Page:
Click on the volume titles for translators’ personal accounts of their books and their relationships with the texts they have chosen to translate.

The Emperor of the Sorcerers (volume one) Budhasvāmin
The Emperor of the Sorcerers (volume two) Budhasvāmin
Sir James Mallinson

Epic in scope and scale, it has everything that a great story should: adventure, romance, suspense, intrigue, tragedy and comedy...

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Handsome Nanda Aśvaghoṣa
Linda Covill
Nanda has it all—youth, money, good looks and a kittenish wife who fulfils his sexual and emotional needs. He also has the Buddha, a dispassionate man of immense insight and self-containment, for an older brother. When Nanda is made a reluctant recruit to the Buddha’s order of monks, he is forced to confront his all-too-human enslavement to his erotic and romantic desires. More

Heavenly Exploits (Buddhist Biographies from the Dívyavadána).
Joel Tatelman
Indeed, why should we in the twenty-first century take an interest in ‘karma’ stories about super-powered monks, autocratic kings, jealous queens, manipulative politicians, crafty merchants, ancient family conflicts, or worse, ghosts, godlings and heavens and hells? More

Into the Fray: An Introduction to the Maha·bhárata
Vaughan Pilikian

The Maha·bhárata is the longest poem in human history. Its origins stretch back deep into the past. Over three thousand years ago in ancient India there arose new stories of gods and men who had come to heaven and earth after the old divinities of the Veda.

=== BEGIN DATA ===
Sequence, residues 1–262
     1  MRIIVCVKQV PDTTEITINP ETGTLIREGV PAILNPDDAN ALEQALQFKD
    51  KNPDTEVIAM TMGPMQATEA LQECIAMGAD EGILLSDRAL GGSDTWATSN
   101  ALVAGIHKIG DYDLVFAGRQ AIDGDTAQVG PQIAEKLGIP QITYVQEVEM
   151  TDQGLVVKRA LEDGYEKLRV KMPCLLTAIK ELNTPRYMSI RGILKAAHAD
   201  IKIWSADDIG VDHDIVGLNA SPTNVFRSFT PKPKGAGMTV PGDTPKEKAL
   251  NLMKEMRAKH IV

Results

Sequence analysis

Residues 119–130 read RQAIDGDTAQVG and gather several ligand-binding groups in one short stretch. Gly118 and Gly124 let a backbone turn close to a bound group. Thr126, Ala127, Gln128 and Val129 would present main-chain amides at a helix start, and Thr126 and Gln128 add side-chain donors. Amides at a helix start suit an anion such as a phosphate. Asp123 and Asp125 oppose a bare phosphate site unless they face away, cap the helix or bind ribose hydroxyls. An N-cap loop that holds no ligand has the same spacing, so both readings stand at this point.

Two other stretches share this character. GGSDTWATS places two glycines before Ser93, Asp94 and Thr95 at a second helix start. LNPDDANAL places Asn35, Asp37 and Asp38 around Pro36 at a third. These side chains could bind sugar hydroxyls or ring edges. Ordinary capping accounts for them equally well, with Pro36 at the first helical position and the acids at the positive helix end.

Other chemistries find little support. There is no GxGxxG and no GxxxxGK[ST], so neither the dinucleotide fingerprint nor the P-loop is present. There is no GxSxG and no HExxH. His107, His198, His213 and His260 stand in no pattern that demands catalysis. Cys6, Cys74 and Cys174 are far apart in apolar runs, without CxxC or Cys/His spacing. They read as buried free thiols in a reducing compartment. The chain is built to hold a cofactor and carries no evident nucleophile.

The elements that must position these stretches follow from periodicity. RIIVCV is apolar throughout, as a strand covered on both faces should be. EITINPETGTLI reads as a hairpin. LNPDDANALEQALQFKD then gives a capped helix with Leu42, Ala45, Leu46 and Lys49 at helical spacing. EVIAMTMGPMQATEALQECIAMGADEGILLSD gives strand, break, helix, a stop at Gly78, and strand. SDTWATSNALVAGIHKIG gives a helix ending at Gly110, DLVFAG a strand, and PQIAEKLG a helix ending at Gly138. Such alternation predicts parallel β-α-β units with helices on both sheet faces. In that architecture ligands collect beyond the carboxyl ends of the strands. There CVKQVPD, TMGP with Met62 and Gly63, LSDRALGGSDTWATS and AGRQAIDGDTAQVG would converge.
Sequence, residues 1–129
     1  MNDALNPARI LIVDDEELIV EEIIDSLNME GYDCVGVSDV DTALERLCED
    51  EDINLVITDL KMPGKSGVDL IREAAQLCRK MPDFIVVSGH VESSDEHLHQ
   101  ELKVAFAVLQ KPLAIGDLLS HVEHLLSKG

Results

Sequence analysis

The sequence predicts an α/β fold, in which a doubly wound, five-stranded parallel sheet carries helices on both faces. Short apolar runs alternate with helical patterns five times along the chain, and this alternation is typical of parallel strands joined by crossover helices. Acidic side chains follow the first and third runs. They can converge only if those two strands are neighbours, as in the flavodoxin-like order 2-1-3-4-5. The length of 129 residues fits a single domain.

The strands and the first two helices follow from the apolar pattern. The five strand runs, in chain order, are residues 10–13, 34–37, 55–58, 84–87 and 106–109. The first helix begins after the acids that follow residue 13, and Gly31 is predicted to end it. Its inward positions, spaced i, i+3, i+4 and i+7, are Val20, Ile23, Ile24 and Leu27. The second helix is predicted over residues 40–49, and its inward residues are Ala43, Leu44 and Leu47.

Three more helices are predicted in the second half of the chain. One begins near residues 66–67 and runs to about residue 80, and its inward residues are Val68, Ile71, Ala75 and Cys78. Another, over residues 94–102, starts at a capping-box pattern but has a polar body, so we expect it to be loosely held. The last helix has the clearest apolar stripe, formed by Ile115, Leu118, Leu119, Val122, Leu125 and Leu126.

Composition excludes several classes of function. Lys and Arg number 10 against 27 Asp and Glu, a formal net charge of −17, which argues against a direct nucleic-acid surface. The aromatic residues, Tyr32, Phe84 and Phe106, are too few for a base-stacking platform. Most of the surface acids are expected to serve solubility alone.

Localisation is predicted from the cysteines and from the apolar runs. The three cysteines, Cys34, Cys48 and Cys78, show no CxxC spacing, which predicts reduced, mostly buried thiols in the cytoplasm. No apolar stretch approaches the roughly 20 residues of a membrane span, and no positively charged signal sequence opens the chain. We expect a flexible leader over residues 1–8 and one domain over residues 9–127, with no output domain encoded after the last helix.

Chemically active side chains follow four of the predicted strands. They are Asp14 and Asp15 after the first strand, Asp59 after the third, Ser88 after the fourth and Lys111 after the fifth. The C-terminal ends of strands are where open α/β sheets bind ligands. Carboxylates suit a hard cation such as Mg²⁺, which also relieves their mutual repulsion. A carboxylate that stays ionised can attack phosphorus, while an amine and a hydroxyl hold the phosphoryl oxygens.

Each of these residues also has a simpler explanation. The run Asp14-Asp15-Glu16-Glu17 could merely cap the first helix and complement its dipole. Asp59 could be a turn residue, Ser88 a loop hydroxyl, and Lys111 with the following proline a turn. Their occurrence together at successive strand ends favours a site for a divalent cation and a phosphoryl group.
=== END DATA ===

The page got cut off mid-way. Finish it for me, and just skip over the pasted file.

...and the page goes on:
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“The Lady of the Jewel Necklace” and “The Lady Who Shows Her Love” Harṣa
Wendy Doniger
Over the years I had come particularly to enjoy the tales of Udáyana and Vásava·datta, which delight in the plot elements of dream, sexual deception, mistaken identities, self-imitation, and masquerades, that always captivate and inspire me. More

Life of the Buddha Aśvaghoṣa
Patrick Olivelle
I have been especially interested in how experts within one tradition represented itself to others and represented the others to its own adherents.… What is most interesting and impressive about Aśvaghoṣa is that he manages to do this twin task with a light touch and the elegant beauty of the language. More

Love Lyrics Amaru, Bhartṛhari & Bilhaṇa
Greg Bailey & Richard Gombrich
Apart from the punch these poems have always delivered to me, I have never ceased to be astonished by the poet’s massive knowledge of ancient Indian culture and his mastery in the use of the linguistic sign... More

Maha·bhárata II: The Great Hall.
Paul Wilmot
The game of dice is the climax of “The Great Hall” and its most famous episode; after the match, nothing can ever be the same again... More

Maha·bhárata III: The Forest (volume four of four).
William J. Johnson

...an image stayed with me: a black figure in a red robe, suddenly appearing in a forest clearing to a woman cradling her husband’s head in her lap....

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Maha·bhárata IV: Viráta.
Kathleen Garbutt
The Virāṭaparvan starts with the tales of how the Pándavas suffer and survive in disguise, but ends with their discovery, when their power, heroism and majesty are finally revealed in battle. Their trials are many and varied but in every scene there is a balance between dramatic tension and playfulness. More